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4th Apr 2020

UK asserts right to 'independent foreign policy'

British leader David Cameron has said he might send arms to rebels in Syria whether fellow EU countries like it or not.

Speaking to the House of Commons liaison committee on Tuesday (12 March), he said: "I would like to continue with an EU approach … But if we cannot, it is not out of the question. We might have to do things in our own way."

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  • EU countries imposed the embargo in May 2011 (Photo: number10.gov.uk)

He noted: "We are still an independent country. We can have an independent foreign policy. If, for instance, we felt that action needed to be taken to help bring about change in Syria to help end this appalling bloodshed, and if we felt that our European partners were holding that back, we would have to change the approach."

He added: "I hope that we do not have to break from a collaborative approach across the European Union. I was just making the point that, if we thought it was the right thing to do, we would do it."

His comments came in reply to MPs' questions on how to handle the EU arms ban on Syria.

EU countries imposed the embargo in May 2011.

It prohibits "the sale, supply, transfer or export of arms and related materiel of all types, including weapons and ammunition, military vehicles and equipment, paramilitary equipment and spare parts for the aforementioned."

They recently renewed it until May, but tweaked it to allow exports of "non-lethal" equipment, such as armoured vehicles.

Under EU rules, if there is no consensus to renew it again, the embargo will lapse.

Cameron noted that the UK already planned to veto the EU ban in February if it did not get its own way on the non-lethal amendment.

He said it drafted laws for a UK-only ban on lethal equipment in the event of EU disagreement.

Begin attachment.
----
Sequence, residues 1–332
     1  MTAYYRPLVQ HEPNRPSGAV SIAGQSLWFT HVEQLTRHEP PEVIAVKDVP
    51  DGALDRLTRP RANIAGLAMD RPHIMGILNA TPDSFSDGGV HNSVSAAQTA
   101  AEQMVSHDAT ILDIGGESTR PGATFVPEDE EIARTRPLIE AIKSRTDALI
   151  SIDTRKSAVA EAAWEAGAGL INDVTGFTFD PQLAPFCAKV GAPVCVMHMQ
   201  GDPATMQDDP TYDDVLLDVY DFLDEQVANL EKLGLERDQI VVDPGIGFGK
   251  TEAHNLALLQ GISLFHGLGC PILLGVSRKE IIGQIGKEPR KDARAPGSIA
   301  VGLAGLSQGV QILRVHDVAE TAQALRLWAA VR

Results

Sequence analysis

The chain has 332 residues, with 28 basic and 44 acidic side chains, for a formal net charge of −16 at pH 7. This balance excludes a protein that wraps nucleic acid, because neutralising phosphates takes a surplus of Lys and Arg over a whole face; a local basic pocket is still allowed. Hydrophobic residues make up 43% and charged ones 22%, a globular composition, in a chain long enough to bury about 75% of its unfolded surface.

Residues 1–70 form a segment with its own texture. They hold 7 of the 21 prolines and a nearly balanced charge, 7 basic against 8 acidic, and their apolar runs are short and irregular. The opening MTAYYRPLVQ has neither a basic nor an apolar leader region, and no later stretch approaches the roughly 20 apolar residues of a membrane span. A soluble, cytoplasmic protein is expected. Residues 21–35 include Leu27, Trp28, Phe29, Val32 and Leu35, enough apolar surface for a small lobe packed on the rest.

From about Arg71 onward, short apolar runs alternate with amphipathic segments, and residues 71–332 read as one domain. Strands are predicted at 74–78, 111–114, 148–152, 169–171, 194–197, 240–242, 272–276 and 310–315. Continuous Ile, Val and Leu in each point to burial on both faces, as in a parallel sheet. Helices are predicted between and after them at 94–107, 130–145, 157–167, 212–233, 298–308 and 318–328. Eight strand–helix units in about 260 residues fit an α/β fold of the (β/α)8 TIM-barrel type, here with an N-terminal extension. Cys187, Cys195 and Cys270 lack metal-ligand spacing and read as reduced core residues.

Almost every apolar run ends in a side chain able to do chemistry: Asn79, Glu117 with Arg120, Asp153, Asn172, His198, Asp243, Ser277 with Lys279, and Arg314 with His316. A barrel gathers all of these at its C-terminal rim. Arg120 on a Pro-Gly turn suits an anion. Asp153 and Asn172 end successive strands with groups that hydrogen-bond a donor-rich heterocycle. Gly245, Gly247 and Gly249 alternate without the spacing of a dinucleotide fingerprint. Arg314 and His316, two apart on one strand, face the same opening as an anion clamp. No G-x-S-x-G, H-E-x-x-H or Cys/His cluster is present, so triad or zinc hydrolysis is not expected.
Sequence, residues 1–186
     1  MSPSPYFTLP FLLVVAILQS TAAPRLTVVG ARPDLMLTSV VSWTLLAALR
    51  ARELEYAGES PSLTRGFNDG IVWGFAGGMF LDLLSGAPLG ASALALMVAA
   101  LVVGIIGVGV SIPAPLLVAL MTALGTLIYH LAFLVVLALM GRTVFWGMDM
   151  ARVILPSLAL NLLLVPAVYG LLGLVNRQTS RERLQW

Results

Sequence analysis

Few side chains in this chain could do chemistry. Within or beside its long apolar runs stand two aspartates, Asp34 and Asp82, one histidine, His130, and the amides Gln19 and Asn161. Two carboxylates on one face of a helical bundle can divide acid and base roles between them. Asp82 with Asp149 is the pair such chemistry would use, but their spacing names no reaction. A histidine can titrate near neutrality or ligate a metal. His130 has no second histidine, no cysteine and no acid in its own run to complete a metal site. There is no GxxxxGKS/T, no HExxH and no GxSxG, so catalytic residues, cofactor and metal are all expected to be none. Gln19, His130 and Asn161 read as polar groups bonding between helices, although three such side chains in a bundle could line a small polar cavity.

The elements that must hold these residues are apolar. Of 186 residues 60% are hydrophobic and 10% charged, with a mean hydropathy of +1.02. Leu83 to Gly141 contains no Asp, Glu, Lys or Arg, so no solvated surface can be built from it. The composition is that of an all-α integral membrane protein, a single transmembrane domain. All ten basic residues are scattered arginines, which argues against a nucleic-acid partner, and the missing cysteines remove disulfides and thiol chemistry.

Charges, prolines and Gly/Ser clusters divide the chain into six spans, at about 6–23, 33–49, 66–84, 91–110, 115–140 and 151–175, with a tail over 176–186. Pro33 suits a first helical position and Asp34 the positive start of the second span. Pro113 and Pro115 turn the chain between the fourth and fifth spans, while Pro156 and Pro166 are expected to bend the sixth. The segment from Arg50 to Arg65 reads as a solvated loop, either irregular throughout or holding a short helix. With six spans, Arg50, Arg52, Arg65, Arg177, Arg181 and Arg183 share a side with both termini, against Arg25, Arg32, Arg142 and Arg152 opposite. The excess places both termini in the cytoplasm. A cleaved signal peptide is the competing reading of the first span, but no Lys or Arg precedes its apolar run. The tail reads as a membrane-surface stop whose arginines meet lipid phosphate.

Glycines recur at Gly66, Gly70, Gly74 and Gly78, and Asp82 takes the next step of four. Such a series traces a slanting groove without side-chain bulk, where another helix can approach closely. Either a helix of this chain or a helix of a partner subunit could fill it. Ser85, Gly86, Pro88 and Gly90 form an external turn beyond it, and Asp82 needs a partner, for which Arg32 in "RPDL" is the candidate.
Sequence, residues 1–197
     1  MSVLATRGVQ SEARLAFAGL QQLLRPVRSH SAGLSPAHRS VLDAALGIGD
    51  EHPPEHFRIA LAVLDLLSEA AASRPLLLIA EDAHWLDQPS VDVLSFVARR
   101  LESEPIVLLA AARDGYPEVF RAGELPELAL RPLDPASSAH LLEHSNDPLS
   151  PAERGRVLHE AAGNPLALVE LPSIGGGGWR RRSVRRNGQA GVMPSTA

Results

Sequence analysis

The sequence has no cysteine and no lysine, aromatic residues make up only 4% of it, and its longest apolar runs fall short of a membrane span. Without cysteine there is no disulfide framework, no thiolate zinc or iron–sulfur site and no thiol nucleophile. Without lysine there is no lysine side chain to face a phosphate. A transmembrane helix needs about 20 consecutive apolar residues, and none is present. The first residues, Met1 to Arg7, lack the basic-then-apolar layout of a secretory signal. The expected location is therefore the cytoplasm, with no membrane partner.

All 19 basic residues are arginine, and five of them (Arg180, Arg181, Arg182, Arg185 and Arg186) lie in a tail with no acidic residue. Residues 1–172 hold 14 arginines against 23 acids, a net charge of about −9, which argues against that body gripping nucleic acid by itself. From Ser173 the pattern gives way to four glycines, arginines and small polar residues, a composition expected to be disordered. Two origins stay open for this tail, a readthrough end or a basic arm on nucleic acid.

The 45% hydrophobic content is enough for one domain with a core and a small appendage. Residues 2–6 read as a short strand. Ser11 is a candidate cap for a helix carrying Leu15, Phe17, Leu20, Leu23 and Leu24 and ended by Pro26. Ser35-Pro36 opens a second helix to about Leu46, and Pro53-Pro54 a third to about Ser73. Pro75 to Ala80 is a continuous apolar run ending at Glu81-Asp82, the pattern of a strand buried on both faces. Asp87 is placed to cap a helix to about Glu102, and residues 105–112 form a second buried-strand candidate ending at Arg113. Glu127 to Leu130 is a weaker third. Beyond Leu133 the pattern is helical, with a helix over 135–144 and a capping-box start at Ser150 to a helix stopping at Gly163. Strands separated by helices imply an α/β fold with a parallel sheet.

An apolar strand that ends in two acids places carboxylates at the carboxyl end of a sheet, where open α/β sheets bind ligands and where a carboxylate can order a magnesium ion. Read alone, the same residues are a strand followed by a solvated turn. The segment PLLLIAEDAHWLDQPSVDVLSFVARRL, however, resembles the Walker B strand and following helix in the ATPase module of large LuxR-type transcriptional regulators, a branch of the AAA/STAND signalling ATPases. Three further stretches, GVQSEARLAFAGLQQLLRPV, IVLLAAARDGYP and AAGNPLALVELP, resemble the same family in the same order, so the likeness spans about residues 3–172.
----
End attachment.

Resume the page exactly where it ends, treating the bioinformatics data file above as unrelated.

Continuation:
"We drew up that legislation - it was ready to go if we could not get agreement across Europe - because it would have been irresponsible to see the sanctions package fall, but for Britain not to put in place its own sanctions regime; otherwise, members of the regime would have been able to access money, finance and who knows what, so that was just responsible planning," he explained.

EU foreign policy works on the basis of consensus so that small countries do not get railroaded by big ones on matters of important national interest.

France agrees with Britain on Syria. But the disagreement pits them against another large EU country, Germany, which says that arming rebels would make the conflict worse.

Cameron's statement on an "independent foreign policy" also comes in the context of Britains' broader movement away from EU and European structures.

His government aims to pull out of EU-level crime-fighting measures and to hold a referendum on EU membership. It has also said it might quit the European Court of Human Rights in Strasbourg.

Meanwhile, the British Prime Minister's remarks underline the difficulties faced by EU foreign affairs chief Catherine Ashton in trying to get the Union to speak with one voice.

But Ashton's spokesman on Wednesday played down the significance of the dispute.

"The 27 [EU member states] just took the decision to extend sanctions for three months … We will continue to work with the 27 and will look at the issue again when it comes to the next review," he told EUobserver.

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